3 Cops Plead Not Guilty In Groom Shooting

These file photos released by The New York City Police Dept. on Jan. 27, 2007 show Detective Marc Cooper, left, Silhouette, center and Detective Michael Oliver, right, two of the five officers involved in the fatal shooting of Sean Bell on Nov. 25, 2006. AP/NYPD/CBS

Three police officers surrendered Monday to face charges in the fatal shooting of an unarmed black man on his wedding day, an incident that stirred outrage around New York City.

The officers were accused of firing nearly 50 shots at three young men in a car outside a nightclub, killing Sean Bell and seriously wounding two of his friends. Two other officers involved were not indicted.

The eight-count indictment charges detectives Michael Oliver, who fired 31 times, and Gescard Isnora, a decorated undercover officer who fired 11 shots, with first-degree and second-degree manslaughter, Queens District Attorney Richard Brown said Monday.

WCBS in New York reports that first-degree manslaughter is classified as a violent felony with mandated jail time — a maximum of 25 years — if the officers are convicted, Brown said.

Detective Marc Cooper, who fired four shots, faces a misdemeanor endangerment charge, Brown said. The indictment says he fired a bullet that went through the window of an occupied train station.

Oliver also was charged with endangerment in connection with a bullet that went through the window of an occupied house. All three were suspended without pay.

Two other policemen were not charged but have been placed on desk duty along with their supervisor as the NYPD continues its internal investigation.

"We are a long way from a conviction," said defense attorney Philip Karasyk, who represents Isnora.

The case renewed allegations that the NYPD is trigger-happy, as well as accusations of racism. Bell was black, as are the other victims; three of the officers are black, and two are white.

The Rev. Al Sharpton said at a news conference with the wounded men and Bell's fiance that the indictment "falls short of what we want. Clearly, all five officers should be charged; all officers acted in concert."

Mayor Michael Bloomberg acknowledged that some people would be disappointed in the grand jury's decision.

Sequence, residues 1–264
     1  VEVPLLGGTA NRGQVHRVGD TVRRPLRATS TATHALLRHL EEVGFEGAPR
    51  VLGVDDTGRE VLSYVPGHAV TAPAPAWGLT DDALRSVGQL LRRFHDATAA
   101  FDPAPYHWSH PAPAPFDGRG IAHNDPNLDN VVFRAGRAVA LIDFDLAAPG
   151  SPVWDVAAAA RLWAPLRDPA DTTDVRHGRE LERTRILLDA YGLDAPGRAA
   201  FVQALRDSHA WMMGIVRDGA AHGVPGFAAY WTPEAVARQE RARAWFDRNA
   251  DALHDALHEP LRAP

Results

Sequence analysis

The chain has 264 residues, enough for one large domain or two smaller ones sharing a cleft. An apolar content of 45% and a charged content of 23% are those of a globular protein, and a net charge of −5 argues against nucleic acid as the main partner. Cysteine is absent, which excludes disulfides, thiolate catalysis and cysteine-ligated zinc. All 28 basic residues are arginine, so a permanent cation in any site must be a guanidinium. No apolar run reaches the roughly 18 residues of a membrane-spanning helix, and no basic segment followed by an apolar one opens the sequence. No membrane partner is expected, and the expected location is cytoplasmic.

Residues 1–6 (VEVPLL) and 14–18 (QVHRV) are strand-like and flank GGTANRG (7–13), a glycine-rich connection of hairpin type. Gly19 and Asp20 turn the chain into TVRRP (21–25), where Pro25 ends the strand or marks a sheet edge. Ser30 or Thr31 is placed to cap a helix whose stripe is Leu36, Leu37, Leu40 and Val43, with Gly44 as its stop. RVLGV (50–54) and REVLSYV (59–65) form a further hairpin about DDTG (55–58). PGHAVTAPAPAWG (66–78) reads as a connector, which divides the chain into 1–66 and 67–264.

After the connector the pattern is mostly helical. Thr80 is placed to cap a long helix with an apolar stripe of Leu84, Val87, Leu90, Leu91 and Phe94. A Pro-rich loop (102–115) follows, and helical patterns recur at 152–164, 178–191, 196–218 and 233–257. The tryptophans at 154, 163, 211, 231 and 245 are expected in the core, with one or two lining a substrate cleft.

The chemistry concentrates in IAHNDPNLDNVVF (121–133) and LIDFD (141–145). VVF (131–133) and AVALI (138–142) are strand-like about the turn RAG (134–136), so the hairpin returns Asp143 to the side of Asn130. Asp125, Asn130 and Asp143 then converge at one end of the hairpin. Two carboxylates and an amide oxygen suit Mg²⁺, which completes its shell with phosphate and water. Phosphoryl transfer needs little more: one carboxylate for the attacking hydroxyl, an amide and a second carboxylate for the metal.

"We have to respect the result of our justice system," he said. "Although a trial will decide whether crimes were committed in this case, day in and day out the NYPD does an incredible job under very difficult circumstances."

The three policemen surrendered to the NYPD's Bureau of Internal Affairs on Monday morning, then were whisked to the Queens court complex. A phalanx of plainclothes law enforcers and family members surrounded them as they were rushed into the building for fingerprinting and processing.

Later, all three pleaded not guilty at their arraignment. Sharpton was present in the courtroom, along with shooting survivors Joseph Guzman and Trent Benefield. Also attending were Bell's mother and Nicole Paultre Bell, who was engaged to Bell and legally took his name after he died.

Each officer stood, hands clasped, for the entire 20-minute hearing. Oliver and Cooper looked straight ahead; Isnora occasionally bowed his head.

State Supreme Court Justice Randall Eng set bail for Oliver and Isnora at $250,000 bond, or $100,000 cash. Cooper was released without bail.

Brown said he would oppose any attempts to get a change of venue for the trial.

"This is where public opinion is equally divided, in my opinion," he said.

Grand jurors declined to indict on the more serious counts of second-degree murder, and attempted murder, or the lesser charge of criminally negligent homicide.

Bell was killed Nov. 25 as he left his bachelor party.

Police have said the officers were involved in an undercover investigation at the nightclub when they overheard a conversation that convinced them the men were going to their car to retrieve a gun. They have said that Bell's car hit an unmarked police vehicle and that the officers believed someone in Bell's car was reaching for a gun when they opened fire. No gun was found.

Bloomberg said the case had led Police Commissioner Raymond Kelly "to rightly examine several aspects of police operations, including undercover work and contagious shooting."
  • Scott Conroy On Twitter»

    Scott Conroy is a National Political Reporter for RealClearPolitics and a contributor for CBS News.

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